Report - - St Margaret's Deep Shelter, Dover, October 2013 | Underground Sites | 28DaysLater.co.uk

Report - St Margaret's Deep Shelter, Dover, October 2013


Poking holes since '84
28DL Full Member
St Margaret's Deep Shelter aka Z Rockets​

Visited with SirJonnyP and non-member Rusty. This was the first site of our day trip to Dover. Not much to say except cheers to SirJonnyP for being tour guide and for bringing a rope which proved very useful :thumb


Situated on the cliffs above St. Margaret's Bay is the site of a four gun, 5.5" battery that was one of the earliest of the protective emplacements that were rapidly established along this vulnerable area of the Kent coastline during the early years of the Second World War. As at Mill Point Battery at Folkestone, these guns had been removed from the secondary armament of HMS Hood in the period 1935 – 1940. In the case of St. Margaret’s Battery, the guns involved were numbers 6, 7, 9 and 23, all manufactured by the Coventry Ordnance Works.

Manned by 411 Battery, part of 540 Coast Defence Regiment, the limited range of these weapons (less than 18,000 yards) meant that it rapidly became 'redundant' as a Coast Defence battery as the more powerful and flexible 6" weapons at Fan Hole Battery were commissioned. This led to the site becoming a training battery, until eventually the idea was hit on of establishing a 'flashing battery' here. Because of its exposed location near the edge of the cliff, any gun flash from here was fully visible from the occupied French coastline - this meant that when an enemy convoy was sited the 'flashing battery' could pretend to open fire using special charges, thus causing the ships to change course away from the expected danger and into the range of the (hidden behind reverse slopes) big guns at South Foreland and Wanstone.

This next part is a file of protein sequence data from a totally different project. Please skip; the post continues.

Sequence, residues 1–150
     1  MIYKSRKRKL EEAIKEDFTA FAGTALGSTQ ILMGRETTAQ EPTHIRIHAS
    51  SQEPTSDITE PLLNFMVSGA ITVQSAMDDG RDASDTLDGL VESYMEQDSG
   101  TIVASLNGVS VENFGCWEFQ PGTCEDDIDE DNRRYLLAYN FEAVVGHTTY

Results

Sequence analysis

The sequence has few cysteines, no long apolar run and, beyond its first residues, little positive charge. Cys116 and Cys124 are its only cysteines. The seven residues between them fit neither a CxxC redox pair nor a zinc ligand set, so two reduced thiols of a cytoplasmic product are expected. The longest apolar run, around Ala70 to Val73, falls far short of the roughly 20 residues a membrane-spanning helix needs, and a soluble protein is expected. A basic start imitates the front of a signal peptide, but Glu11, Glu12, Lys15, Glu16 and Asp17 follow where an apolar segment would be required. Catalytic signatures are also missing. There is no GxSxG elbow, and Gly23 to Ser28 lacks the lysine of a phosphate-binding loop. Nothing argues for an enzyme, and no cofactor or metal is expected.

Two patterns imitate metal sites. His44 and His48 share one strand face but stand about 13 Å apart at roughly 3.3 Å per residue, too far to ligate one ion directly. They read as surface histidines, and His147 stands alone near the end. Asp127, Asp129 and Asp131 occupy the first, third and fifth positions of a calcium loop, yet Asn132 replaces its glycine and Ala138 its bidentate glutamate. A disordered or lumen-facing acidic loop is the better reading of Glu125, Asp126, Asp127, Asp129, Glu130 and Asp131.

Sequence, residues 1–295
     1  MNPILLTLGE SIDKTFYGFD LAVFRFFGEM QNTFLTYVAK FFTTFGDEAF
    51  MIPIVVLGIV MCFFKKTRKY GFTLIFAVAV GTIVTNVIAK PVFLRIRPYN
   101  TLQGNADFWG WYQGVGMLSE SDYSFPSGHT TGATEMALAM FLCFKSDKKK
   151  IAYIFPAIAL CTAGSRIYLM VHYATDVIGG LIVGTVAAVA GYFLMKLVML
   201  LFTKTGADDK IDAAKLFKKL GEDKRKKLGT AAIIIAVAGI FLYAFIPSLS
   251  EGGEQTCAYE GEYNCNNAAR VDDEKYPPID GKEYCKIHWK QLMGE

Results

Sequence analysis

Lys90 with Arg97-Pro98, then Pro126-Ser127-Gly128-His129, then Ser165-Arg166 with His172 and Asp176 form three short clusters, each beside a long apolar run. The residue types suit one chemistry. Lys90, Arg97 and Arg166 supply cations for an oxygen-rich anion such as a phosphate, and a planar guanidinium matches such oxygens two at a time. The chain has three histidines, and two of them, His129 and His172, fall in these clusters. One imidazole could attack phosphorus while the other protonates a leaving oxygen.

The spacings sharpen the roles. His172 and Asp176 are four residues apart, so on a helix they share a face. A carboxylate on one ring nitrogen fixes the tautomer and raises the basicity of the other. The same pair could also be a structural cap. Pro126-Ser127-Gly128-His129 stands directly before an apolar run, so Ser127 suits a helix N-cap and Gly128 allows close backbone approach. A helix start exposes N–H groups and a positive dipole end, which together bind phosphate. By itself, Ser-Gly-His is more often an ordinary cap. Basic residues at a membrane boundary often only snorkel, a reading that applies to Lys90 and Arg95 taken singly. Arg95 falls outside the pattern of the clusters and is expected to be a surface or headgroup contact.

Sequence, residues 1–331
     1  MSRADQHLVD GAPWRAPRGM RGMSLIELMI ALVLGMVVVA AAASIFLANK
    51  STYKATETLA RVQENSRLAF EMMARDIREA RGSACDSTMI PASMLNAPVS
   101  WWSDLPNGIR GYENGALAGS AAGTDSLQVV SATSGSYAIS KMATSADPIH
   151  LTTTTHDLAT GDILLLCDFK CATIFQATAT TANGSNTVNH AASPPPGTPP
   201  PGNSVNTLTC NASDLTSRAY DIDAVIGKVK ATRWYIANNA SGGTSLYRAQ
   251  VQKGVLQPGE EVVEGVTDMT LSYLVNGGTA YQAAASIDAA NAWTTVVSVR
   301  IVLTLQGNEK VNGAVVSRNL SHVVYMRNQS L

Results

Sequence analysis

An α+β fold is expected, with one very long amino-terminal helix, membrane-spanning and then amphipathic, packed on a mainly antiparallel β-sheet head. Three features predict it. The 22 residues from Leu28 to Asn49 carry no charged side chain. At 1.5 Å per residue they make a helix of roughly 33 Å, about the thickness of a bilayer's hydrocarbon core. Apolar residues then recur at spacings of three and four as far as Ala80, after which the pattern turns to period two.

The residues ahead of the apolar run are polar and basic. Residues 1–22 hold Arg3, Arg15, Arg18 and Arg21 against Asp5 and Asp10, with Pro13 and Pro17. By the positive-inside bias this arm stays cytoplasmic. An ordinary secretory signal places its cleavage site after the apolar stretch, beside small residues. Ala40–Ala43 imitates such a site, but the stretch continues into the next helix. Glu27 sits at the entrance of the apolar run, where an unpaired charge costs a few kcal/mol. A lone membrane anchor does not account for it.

Tunnelled accommodation, which was dug by 172 Tunnelling Coy R.E., was provided behind the four concrete emplacements. Today this is about the only visible sign of the original battery site as the gun emplacements themselves were destroyed in the 1970’s. Commonly referred to as 'Z Rocket Battery' by local explorers (due to a possible misunderstanding about what was here during the war - the battery was protected by 2â€￾ Unrotated Projectile launchers at one point), two of the entrances to the system have been sealed leaving only one access point very close to the edge of the cliff.

At St Margaret's Bay there is the underground deep shelter for St Margarets 5.5" Battery. This site was the first one to use the unrotated projectile known as the Z - Rocket which was a anti - aircraft (AA) weapon. It was officially known as a UP or unrotated projectile. It was not particularly accurate, but the thinking was that if fired in large enough amounts an enemy plane just might get hit.

Anyway, on with some pics;











Thanks for looking :thumb